Hitchcock’s Soundtracks

Hitchcock's Soundtracks

My ear kisses
the ground as
train engine
tremors
tunnel
through
subconscious
Torn Curtain
compartments,
I Confess,
its whistle-blow
echoes a foreboding
Hitchcock
Psycho shower
soundtrack,
striking sharp spikes
like nails across the
chalkboard of my
heart of hearts,
hot and heavy
iron rails
pulsing
in parallel,
Strangers
On A Train
near Rear
Windows
peering at
passing
Birds
perched
on side-arm
switch
posts,
tipping
heads
towards
North
by Northwest
pathos,
sweaty
pistons
pumping
steam,
Blackmail
caffeine
fueling
Frenzy,
wheel rows
roundhouse
kicking
wicked
centripetal
forces,
backpedaling
breaks stop
on a dime,
saving
presidential
face,
except Abe’s,
as circular
scalpels
Sabotage
a pretty penny
for my
brain’s
boxcar
Bon Voyage
thoughts,
while
rhymes hit
Rushmore rocks
remembering
mixed up
Family
Plots,
Spellbound
Vertigo
on a
tight Rope
fears
The Man
Who Knew
Too Much.

About tyler4turtles

I am an avid photographer, poet, ecologist, bookworm, blogger, art enthusiast and runner who calls Montana home but lives in Oregon.
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26 Responses to Hitchcock’s Soundtracks

  1. Whoa! I may be off… but my first impression is: Ghost Train and the collective haunting whispers to not forget as there is The Story behind the story.

    Loved the photo and haunting poem as both struck a cord.

    • Thank you, Anna! Your interpretation is very well thought out and what you say rings true. For me, a train whistle unearths the mystery of our telltale hearts, rerouting our feelings before we know what hit us. Hope you are having a wonderful Friday and keep up the inspiring posts on your blog!
      Cheers,
      Tyler 🙂

  2. Bee says:

    love it

    • Thank you, Bee! My favorite Hitchcock movie is still ‘North by Northwest.’ While I love all of Hitchcock’s movies with Jimmy Stewart (e.g., Rope, Vertigo, The Man Who Knew Too Much, Rear Window), there is something about the chemistry between Cary Grant and Eva Marie-Saint that captivates my attention. Also, the suspenseful plot with changing scenery and keen dialogue, as well as the cinematography (esp. with Mount Rushmore and the crop duster), sets ‘North by Northwest’ apart from the rest. Glad you enjoyed my train of thought through classic cinema! Hope you have a wonderful day, my friend!
      Cheers,
      Tyler 🙂

  3. Shainbird says:

    Thrilling! Hitchcock is beyond all viewing experiences! Lovely composition!

    • Thank you, my friend! Glad you enjoyed my plunge into classic Hitchcock cinema. Hope you have a wonderful Friday and weekend!
      Cheers,
      Tyler 🙂

      • Shainbird says:

        Have you seen his Shadow of a Doubt?

      • Yes, it is an excellently directed, acted and scripted movie. It was nominated for an Academy Award in 1943 for Best Story. Joseph Cotton really nails his character and drives the suspenseful plot home. Is this your favorite Hitchcock film? Hope you are having a wonderful day and have a safe and relaxing 4th of July!
        Cheers,
        Tyler 🙂

      • Shainbird says:

        It is a great film in all aspects, I especially liked the character of Ann who was played by a real resident of Santa Rosa. And Cotten in a negative light is rare. They don’t make them like that anymore. Actually anything by Hitch is a favorite, it would be easier to list my least favorite. Happy Fourth Tyler!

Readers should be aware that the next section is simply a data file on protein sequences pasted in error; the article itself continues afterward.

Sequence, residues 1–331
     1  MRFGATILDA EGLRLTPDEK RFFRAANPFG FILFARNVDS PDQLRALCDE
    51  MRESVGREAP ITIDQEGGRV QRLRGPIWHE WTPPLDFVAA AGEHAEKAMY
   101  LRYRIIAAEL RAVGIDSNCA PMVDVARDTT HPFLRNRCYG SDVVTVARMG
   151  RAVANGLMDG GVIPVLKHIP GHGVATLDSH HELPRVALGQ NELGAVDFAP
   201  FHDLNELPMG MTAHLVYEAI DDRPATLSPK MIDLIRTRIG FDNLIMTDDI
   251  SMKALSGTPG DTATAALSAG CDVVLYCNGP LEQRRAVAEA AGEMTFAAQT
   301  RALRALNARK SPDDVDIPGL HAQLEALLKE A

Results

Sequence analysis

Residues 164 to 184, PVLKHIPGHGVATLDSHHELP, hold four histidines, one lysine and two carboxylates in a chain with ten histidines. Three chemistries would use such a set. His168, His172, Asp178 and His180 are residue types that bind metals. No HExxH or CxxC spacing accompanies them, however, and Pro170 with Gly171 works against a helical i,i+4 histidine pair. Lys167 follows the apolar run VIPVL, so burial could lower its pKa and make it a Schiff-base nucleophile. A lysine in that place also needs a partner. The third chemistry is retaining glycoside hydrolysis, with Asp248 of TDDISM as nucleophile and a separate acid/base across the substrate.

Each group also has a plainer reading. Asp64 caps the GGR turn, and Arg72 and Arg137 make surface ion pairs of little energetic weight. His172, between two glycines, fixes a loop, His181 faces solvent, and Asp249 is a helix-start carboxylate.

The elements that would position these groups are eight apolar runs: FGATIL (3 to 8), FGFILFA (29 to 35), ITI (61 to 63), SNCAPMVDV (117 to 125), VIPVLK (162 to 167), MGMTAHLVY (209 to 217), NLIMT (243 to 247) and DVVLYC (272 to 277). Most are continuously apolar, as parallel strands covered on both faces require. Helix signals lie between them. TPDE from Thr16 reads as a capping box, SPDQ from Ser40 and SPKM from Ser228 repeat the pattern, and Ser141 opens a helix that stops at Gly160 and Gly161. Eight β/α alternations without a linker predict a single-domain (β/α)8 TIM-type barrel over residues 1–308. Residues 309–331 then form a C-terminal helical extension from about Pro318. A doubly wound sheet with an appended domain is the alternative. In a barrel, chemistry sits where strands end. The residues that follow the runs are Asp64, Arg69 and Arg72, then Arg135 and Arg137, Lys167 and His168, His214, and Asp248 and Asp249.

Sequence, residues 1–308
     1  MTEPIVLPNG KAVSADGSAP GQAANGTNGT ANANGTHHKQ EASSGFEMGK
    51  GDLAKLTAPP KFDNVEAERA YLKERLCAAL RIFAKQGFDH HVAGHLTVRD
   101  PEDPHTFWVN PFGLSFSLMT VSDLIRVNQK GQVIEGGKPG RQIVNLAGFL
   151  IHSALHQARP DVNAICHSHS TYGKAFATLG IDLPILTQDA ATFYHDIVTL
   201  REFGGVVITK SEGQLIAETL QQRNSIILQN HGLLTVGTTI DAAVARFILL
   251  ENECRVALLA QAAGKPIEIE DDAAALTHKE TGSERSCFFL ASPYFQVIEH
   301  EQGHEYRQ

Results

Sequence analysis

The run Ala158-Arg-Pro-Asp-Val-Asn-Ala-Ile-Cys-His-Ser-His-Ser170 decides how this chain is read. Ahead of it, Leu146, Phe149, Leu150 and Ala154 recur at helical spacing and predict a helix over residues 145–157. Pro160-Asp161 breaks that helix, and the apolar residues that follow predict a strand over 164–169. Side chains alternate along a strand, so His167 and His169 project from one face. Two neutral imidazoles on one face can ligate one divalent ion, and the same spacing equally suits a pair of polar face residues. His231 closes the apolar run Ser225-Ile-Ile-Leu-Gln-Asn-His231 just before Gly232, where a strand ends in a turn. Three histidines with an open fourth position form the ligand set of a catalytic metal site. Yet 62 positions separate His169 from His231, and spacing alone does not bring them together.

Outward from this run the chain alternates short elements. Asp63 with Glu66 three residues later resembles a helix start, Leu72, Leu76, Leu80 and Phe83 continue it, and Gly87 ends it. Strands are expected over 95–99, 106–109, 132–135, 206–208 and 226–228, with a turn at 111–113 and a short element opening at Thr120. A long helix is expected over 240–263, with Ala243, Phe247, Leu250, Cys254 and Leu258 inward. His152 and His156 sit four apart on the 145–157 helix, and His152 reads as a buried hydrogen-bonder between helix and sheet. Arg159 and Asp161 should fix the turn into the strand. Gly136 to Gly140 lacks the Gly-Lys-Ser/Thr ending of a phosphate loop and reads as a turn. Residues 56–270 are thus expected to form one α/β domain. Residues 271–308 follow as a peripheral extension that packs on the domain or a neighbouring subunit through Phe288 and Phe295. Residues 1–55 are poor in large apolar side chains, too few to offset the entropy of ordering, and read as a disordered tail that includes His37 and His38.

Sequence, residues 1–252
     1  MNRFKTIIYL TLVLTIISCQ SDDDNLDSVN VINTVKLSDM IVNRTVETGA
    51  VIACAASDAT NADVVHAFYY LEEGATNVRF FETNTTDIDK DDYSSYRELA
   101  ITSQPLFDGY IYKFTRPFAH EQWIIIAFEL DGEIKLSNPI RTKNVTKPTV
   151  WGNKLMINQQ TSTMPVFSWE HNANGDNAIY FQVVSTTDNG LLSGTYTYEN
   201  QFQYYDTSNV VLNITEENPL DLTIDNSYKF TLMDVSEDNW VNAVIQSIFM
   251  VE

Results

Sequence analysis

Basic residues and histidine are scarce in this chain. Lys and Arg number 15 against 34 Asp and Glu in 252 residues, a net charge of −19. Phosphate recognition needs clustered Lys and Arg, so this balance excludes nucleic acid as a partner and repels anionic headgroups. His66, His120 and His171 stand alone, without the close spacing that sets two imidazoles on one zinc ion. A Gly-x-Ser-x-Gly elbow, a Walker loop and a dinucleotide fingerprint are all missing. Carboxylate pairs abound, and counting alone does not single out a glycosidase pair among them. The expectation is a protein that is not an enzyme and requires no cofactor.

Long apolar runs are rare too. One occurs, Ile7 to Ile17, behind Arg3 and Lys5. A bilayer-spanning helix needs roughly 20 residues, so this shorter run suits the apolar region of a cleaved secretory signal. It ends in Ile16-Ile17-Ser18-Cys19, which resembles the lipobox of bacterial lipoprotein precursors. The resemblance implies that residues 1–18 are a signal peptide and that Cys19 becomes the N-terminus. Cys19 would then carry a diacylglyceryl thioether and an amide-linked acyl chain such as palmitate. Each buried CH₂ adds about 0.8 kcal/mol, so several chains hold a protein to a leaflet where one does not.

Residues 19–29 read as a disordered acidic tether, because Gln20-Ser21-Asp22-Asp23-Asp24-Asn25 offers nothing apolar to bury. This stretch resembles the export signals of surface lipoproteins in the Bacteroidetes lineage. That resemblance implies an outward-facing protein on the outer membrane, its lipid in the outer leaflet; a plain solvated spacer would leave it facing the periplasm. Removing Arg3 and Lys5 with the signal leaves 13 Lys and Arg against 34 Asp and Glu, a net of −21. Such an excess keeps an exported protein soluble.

4. This is really great! I love it.

  5. Myaz_Nuggetz says:

    Reblogged this on Myaz_Nuggetz.

  6. Reblogged this on The ancient eavesdropper and commented:

    What is your favorite Alfred Hitchcock Movie? Mine is North by Northwest, an instant classic from the Man of Mystery & Suspense. I also have a thing for Jimmy Stewart in Vertigo, Rear Window & The Man Who Knew Too Much. Hope you are all having a pleasant weekend!

  7. what a clever delight for this old Hitchcock fan

    • Thank you, Paul! I’m glad you enjoyed my Hitchcock-inspired roll of words. It all started after I listened to the repeated shrieks of a train whistle echoing at night while camping a few weeks ago. Just reminded me of the “Psycho” shower scene sound effects. From there, the rest fell into place. What’s your favorite Hitchcock movie? Hope you have a good day, my friend!
      Cheers,
      Tyler 🙂

  8. cate b says:

    The Man Who Knew Too Much…….. que sera sera…….

  9. My favorites are “North by Northwest,” “Vertigo,” and “Shadow of a Doubt.”

    • Very good choices! I’d have to agree. “North by Northwest” and “Vertigo” are probably my top 2 as well (although “Rear Window” is a close 3rd). Hope you have a wonderful day, my friend!
      Cheers,
      Tyler 🙂

  10. Interesting and unique concept. Loved it and love Hitchcock. 🙂

    • Thank you, Elizabeth! Your kind words are much appreciated. Alfred Hitchcock has always captivated this audience of one, time after time he spellbinds my mind! I look forward to following your wonderful, inspiring blog and wish you a relaxing weekend!
      Cheers,
      Tyler 🙂

  11. Reblogged this on Emily Walls Ray's Light and laughter and commented:
    This poem caught my eye because (first, it’s good), and second, because there was another Hitchcock (I think) movie called “The Trouble with Harry,” starring Shirley Maclaine and John Cassavettes which included a song about a train and Tuscaloosa. Does anybody know anything about this? I’d love to get the lyrics.

    • Thank you for your kind words and re-blog, my friend! I don’t know how I could forget this excellent Hitchcock film! It totally fits the theme of this poem! BTW, the song you are referring to was sung by John Forsythe’s character, “Flaggin’ the Train to Tuscaloosa”, and was written by Raymond Scott with words by Mack David. Thank you for reminding me of this, I really appreciate it 🙂

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